Listed Building

The only legal part of the listing under the Planning (Listing Buildings and Conservation Areas) (Scotland) Act 1997 is the address/name of site. Addresses and building names may have changed since the date of listing – see 'About Listed Buildings' below for more information. The further details below the 'Address/Name of Site' are provided for information purposes only.

Address/Name of Site

CARNOUSTIE RUGBY CLUB PAVILION (FORMER TENNIS CLUB PAVILION) EXCLUDING YACHT CLUB EXTENSION TO SOUTH EAST, LINKS PARADE, CARNOUSTIELB52164

Status: Designated

Documents

There are no additional online documents for this record.

Summary

Category
C
Date Added
14/01/2014
Local Authority
Angus
Planning Authority
Angus
Parish
Barry
NGR
NO 56303 34279
Coordinates
356303, 734279

Description

Early 20th century. Single storey and basement, 3-bay, rough rectangular-plan, symmetrical pavilion, with 3-light canted, polygonal roof canted bay and open veranda with cast-iron Corinthian columns and decorative spandrels. Brick basement, creating deep base course, faced with painted timber and rendered nogging; timber frame and rendered nogging at ground floor. Timber boarded soffit and exposed rafter ends to overhanging eaves. Later square clock tower to roof.

INTERIOR: (seen 2012). Painted timber framing to corniced dado and moulded cornice to principal rooms. Moulded timber architraves. Predominantly remodelled circa 1970s, including partitioning.

9 pane over single pane glazing in timber frames windows; those to canted bay 6 pane over single pane. Piended, slate roof.

Statement of Special Interest

Well-detailed example of a small scale sports pavilion, which retains its distinctive cast-iron columns and decorative panels. The pavilion was constructed as a tennis pavilion and was originally flanked by tennis courts. There are still courts to the southwest. The tennis courts were one of the sporting and social activities on the parade for the many visitors to Carnoustie, and it is therefore an important representation of the town's social history. The pavilion is currently occupied by the rugby club.

Carnoustie was established circa 1810 as a planned village on land acquired by George Kinloch. Although the railway opened in 1838 the expansion of the village came in the second half of the 19th century with the opening of linen mills and in 1899 it became a police burgh. Due to its coastal location it became a popular holiday resort from the mid 19th century, which thrived in the early 20th century. It was noted in particular for its fine bathing and spacious golf links, but other attractions included al fresco Pierrot shows, band concerts, the Pavilion cinema, as well as other sporting activities, with the town becoming known as the 'Brighton of the North'.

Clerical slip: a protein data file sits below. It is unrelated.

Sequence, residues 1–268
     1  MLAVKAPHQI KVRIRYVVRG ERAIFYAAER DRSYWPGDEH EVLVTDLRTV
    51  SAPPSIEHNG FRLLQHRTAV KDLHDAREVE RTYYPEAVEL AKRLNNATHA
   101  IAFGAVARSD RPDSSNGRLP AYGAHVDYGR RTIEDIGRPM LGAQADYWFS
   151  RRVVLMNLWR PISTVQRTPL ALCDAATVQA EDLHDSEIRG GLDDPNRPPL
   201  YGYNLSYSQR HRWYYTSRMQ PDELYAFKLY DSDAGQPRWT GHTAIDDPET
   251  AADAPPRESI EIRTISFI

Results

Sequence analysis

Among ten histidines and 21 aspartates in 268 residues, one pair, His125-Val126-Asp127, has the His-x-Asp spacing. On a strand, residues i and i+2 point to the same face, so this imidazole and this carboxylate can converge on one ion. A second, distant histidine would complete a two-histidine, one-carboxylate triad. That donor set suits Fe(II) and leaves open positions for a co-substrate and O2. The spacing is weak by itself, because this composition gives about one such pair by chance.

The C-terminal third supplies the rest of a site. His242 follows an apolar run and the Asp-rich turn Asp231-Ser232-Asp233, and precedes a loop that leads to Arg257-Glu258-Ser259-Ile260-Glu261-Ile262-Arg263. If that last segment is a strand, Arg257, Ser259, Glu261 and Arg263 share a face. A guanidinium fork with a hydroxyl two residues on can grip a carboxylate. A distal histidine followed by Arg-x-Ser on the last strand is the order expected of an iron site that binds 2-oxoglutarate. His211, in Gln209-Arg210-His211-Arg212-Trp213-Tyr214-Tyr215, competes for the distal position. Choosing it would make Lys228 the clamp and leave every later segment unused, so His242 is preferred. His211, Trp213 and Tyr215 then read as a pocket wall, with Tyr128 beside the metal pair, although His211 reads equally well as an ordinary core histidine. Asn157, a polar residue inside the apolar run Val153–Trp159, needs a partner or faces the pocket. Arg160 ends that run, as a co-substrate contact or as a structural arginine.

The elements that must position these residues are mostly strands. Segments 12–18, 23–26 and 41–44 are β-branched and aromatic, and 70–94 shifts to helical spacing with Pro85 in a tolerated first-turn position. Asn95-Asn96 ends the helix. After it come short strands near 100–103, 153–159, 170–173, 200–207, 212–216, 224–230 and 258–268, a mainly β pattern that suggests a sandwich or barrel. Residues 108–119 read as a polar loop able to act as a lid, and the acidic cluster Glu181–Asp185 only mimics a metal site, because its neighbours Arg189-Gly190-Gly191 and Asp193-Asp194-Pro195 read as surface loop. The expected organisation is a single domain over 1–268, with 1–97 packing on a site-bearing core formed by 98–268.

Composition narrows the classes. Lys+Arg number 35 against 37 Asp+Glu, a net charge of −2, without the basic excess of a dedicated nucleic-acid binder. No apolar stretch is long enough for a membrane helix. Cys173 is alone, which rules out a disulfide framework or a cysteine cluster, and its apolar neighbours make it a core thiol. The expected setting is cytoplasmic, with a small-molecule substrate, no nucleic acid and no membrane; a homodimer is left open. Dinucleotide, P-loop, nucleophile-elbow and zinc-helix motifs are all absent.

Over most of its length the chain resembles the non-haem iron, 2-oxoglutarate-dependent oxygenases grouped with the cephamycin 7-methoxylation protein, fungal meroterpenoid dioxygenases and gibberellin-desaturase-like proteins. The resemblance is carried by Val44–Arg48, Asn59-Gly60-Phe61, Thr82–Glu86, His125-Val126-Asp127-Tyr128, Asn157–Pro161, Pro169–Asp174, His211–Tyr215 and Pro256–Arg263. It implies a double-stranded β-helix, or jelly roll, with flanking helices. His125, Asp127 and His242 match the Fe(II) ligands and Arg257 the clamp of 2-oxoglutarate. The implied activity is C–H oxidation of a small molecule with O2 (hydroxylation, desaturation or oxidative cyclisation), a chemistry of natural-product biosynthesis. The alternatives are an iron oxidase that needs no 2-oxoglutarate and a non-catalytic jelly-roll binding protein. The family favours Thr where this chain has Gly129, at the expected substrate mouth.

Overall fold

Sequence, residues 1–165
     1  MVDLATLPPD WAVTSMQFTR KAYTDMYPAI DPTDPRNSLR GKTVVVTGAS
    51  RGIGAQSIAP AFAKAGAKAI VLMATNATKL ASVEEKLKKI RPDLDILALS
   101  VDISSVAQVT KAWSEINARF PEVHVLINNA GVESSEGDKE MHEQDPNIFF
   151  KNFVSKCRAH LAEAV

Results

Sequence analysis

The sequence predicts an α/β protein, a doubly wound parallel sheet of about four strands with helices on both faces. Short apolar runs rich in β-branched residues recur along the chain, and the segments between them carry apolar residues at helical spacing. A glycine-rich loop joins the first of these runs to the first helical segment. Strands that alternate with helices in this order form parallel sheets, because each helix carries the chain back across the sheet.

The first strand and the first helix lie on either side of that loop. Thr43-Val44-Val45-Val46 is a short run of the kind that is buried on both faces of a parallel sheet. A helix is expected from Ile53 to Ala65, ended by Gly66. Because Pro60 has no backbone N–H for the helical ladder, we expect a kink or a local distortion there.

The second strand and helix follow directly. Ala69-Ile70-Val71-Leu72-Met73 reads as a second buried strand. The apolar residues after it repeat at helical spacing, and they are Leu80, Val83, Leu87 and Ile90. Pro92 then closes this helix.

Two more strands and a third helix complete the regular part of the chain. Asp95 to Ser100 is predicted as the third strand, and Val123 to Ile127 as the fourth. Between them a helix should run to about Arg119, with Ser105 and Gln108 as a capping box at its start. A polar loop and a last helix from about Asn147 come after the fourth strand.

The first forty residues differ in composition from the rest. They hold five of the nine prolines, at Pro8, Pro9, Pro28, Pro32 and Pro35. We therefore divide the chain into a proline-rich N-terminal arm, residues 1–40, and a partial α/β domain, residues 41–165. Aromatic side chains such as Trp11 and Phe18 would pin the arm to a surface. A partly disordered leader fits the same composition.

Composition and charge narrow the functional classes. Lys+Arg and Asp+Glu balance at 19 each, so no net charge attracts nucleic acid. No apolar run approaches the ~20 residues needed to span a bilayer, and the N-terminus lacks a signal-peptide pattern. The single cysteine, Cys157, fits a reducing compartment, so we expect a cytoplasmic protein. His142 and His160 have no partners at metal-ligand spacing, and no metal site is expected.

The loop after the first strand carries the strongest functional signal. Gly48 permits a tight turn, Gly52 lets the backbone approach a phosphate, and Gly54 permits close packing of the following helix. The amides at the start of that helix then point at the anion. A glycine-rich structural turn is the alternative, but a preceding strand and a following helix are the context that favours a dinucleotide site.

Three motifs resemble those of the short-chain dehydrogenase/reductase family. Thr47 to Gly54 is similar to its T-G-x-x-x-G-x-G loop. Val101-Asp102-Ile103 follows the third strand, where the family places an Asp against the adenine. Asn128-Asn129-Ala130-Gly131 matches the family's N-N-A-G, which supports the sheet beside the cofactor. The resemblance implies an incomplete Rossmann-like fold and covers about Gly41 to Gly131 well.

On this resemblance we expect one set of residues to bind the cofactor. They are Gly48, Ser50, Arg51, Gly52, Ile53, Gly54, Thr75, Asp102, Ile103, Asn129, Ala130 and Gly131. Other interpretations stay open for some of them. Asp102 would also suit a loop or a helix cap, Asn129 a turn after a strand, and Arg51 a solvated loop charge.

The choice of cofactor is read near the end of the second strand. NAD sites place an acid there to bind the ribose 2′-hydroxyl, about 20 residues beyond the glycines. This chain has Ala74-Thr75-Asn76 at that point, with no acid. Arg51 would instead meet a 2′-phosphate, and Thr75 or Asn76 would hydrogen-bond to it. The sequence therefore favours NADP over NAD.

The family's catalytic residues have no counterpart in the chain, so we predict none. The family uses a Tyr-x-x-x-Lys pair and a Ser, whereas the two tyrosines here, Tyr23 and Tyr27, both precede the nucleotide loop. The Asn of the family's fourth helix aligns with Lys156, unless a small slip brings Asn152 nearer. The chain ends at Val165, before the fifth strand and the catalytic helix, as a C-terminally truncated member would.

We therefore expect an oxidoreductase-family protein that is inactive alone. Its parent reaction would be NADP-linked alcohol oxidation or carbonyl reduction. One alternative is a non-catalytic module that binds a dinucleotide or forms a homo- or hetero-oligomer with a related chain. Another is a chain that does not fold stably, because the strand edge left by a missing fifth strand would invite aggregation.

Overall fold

Modern lawn tennis was established in 1874 by Major Walter Wingfield who developed a new style of the game and a new type of court in order to speed up play. The Wingfield version came to Scotland when James Pattern tested the new game outside at the Grange Cricket Ground in Edinburgh around 1874 and it soon became the version which was preferred by players.

At the time of listing (2013), the later 20th century, T-plan, flat-roofed extension to the south east, currently occupied by the yacht club, is not considered of special architectural or historic interest.

Listed as part of the sporting buildings thematic study (2012-13).

References

Bibliography

evident on 3rd edition Ordnance Survey map (surveyed 1920, published 1922). J Gifford, Buildings of Scotland: Dundee and Angus (2013) p419. www.scran.ac.uk/database/record.php?usi=000-000-153-351-C (accessed 11 April 2013). http://www.angus.gov.uk/history/features/featcarn.htm (accessed 11 April 2013). Further information courtesy of owner.